Recent news items report that the current resident of the White House is so angered by protest demonstrations in Washington, D.C., that he is seeking means to restrict them and make protestors pay stiff fees for the right to assemble on public land. In Mozart’s era, protest was expressed on the stage rather than on the streets of Vienna, and the Emperor Joseph II had the power to forbid anything he found subversive or unflattering to royalty.When printed copies of Pierre Beaumarchais’ The Marriage of Figaro, a wildly successful but incendiary play that attacked the nobility, reached Vienna, Joseph II instructed his censor to prevent the play from being staged. But Mozart read the play and immediately decided he could turn it into an opera.
“It was definitely the social and political dimension of this play that attracted Mozart,” noted Stephen Lawless, stage director of San Diego Opera’s season-opening production of Mozart’s beloved opera The Marriage of Figaro. “The fact that it attacked the privilege of the wealthy aristocracy resonated with Mozart’s own experience working for Salzburg’s Prince-Archbishop Colloredo.”
Although Mozart’s politically astute librettist Lorenzo da Ponte excised the play’s speeches that directly attacked the nobility in order to get Mozart’s opera past the Imperial censor, the plot itself gave the servants ample victories over the schemes and privileges of the Count and Countess Almaviva, the noble couple around whom much of the opera’s complex plot revolves. In the opera, Figaro, whose primary occupation we know from the title of Beaumarchais’ previous play The Barber of Seville, works in the service of the Count as his valet and plans to wed Susanna, the Countess’ chambermaid. Although the success of this opera in Vienna won Mozart a commission from Prague for his next opera, Don Giovanni, he did pay a price in the Imperial City for composing and staging The Marriage of Figaro.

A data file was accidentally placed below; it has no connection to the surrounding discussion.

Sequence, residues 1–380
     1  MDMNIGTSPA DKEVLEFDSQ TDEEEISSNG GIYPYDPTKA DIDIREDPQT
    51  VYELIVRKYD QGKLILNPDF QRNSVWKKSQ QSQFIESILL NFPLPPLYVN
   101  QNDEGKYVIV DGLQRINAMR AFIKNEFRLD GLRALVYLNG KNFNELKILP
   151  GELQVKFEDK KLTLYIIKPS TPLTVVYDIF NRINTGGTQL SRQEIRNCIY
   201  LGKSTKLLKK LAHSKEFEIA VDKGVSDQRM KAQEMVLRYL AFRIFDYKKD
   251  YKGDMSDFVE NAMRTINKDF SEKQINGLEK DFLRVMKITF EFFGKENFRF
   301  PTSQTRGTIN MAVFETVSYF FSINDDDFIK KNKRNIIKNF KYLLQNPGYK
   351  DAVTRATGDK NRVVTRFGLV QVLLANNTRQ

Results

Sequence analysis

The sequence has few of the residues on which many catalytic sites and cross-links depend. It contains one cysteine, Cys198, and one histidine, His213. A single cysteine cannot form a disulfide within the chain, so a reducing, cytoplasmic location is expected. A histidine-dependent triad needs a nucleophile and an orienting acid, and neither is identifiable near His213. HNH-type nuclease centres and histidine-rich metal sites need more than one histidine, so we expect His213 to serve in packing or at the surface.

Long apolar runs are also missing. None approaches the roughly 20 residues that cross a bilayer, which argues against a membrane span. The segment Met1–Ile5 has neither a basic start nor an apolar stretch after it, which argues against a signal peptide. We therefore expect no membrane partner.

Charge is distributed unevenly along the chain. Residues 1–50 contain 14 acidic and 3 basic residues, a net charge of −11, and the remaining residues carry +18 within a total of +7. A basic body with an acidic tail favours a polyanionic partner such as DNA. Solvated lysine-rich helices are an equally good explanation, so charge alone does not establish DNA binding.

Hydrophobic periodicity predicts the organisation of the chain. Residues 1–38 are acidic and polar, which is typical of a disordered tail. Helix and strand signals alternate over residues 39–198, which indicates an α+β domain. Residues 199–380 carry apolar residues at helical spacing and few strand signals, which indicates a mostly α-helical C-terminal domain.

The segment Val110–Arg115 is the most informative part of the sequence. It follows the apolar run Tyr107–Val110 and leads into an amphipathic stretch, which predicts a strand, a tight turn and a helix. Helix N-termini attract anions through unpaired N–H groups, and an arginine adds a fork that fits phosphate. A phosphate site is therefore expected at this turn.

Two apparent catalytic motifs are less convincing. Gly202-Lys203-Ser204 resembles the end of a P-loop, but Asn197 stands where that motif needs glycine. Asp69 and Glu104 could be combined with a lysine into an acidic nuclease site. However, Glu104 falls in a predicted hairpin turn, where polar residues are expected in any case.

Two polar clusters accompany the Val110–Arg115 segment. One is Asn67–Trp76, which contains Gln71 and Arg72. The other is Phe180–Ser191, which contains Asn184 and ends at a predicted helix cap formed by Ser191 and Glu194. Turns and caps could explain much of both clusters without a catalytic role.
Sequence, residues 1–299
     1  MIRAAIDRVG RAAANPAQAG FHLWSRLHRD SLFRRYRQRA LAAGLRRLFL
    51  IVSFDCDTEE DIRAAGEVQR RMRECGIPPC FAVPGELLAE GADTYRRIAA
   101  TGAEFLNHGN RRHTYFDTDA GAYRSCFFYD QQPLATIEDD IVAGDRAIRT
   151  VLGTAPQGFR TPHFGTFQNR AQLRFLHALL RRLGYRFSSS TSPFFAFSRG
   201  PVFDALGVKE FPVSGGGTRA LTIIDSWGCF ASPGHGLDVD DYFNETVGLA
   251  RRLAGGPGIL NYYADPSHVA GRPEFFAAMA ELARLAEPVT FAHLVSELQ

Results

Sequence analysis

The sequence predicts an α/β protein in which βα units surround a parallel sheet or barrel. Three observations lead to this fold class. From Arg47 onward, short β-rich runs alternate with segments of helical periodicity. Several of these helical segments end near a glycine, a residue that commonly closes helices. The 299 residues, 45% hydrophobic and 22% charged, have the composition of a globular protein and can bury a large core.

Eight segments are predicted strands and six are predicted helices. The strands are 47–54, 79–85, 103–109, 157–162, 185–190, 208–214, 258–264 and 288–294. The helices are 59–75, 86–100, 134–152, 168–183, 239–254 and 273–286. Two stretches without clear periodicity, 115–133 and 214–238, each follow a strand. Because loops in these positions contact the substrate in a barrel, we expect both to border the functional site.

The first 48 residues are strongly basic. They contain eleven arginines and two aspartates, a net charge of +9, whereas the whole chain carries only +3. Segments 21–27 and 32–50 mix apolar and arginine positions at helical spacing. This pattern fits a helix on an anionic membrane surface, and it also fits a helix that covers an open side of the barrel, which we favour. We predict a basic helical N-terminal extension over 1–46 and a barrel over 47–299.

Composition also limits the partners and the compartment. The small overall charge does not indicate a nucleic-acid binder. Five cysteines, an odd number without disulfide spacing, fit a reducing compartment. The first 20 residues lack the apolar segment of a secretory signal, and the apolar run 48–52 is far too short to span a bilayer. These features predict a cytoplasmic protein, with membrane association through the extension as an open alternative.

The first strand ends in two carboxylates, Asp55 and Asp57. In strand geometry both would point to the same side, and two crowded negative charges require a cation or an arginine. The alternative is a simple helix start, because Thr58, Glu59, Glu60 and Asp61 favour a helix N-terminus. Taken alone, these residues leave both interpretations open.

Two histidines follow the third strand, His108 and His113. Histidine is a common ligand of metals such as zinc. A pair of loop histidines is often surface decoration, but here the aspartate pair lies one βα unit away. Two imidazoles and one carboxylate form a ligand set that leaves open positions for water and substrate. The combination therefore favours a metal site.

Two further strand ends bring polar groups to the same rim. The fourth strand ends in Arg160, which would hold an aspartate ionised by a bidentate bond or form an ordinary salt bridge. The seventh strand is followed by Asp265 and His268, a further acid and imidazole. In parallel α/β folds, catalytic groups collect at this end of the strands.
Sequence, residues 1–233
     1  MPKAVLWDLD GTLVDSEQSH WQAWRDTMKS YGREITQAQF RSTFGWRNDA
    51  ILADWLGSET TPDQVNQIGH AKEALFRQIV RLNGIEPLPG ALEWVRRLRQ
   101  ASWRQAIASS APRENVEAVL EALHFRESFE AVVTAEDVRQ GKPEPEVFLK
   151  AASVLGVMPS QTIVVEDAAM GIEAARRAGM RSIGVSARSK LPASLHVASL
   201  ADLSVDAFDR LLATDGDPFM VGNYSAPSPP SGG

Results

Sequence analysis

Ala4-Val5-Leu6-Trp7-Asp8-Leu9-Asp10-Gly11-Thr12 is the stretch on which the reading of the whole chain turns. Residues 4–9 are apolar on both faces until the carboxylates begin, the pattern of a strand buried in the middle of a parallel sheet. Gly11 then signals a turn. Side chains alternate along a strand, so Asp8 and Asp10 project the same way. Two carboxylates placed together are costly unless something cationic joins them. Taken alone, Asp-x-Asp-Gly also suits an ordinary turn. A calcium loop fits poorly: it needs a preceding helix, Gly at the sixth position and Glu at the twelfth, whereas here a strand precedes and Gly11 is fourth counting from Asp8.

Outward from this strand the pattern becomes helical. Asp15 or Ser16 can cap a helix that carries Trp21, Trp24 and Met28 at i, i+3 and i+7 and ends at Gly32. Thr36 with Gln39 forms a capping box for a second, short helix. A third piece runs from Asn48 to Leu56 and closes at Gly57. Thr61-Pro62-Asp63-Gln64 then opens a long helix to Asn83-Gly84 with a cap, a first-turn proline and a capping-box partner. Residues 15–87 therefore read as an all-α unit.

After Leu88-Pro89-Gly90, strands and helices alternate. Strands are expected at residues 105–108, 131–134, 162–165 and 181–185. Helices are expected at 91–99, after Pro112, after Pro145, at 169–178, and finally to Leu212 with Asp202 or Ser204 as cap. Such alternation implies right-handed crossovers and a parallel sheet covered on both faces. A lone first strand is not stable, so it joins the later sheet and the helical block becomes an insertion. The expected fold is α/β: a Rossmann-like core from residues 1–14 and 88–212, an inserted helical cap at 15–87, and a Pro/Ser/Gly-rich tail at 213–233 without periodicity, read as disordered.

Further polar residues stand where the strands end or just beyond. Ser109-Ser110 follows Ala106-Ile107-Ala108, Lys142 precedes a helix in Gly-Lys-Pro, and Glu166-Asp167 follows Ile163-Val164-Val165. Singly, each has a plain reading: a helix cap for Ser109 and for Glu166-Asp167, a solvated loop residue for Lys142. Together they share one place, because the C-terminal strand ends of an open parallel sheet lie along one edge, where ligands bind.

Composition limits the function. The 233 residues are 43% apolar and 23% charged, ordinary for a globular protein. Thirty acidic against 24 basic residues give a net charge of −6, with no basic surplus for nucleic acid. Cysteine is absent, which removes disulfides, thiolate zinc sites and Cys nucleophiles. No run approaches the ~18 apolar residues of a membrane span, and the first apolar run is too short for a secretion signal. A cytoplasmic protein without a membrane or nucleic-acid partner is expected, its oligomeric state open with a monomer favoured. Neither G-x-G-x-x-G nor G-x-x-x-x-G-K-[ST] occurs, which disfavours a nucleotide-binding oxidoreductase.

“From the lists of subscribers to the concerts that Mozart gave in Vienna before The Marriage of Figaro, we know that his patrons were all members of the aristocracy. But after Figaro was staged in Vienna, these noble supporters disappeared from his lists of subscribers,” explained Lawless.
“I believe that Mozart saw himself in the character of Figaro–the self-made man, the artist smarter than those around him. Like, Figaro he ‘didn’t know his place’ in society, but I also think he was fascinated by the aristocracy.”
Da Ponte designed the first three acts to take place indoors in various rooms of the Almaviva’s country estate outside of Seville. “Inside, the social distinctions prevail,” said Lawless. “The Countess and her maid Susanna are not buddies—as is sometimes portrayed—but individuals linked only by necessity. The Countess needs Susanna’s labor, and Susanna is dependent on the Almaviva’s employ.”
But the opera’s final act is staged outdoors at night in the garden, where the characters mistake one another and begin to make love to the wrong partners. “Outside, in the dark, we are all the same, and the social conventions dissolve. Love and sex are the great levelers,” Lawless added.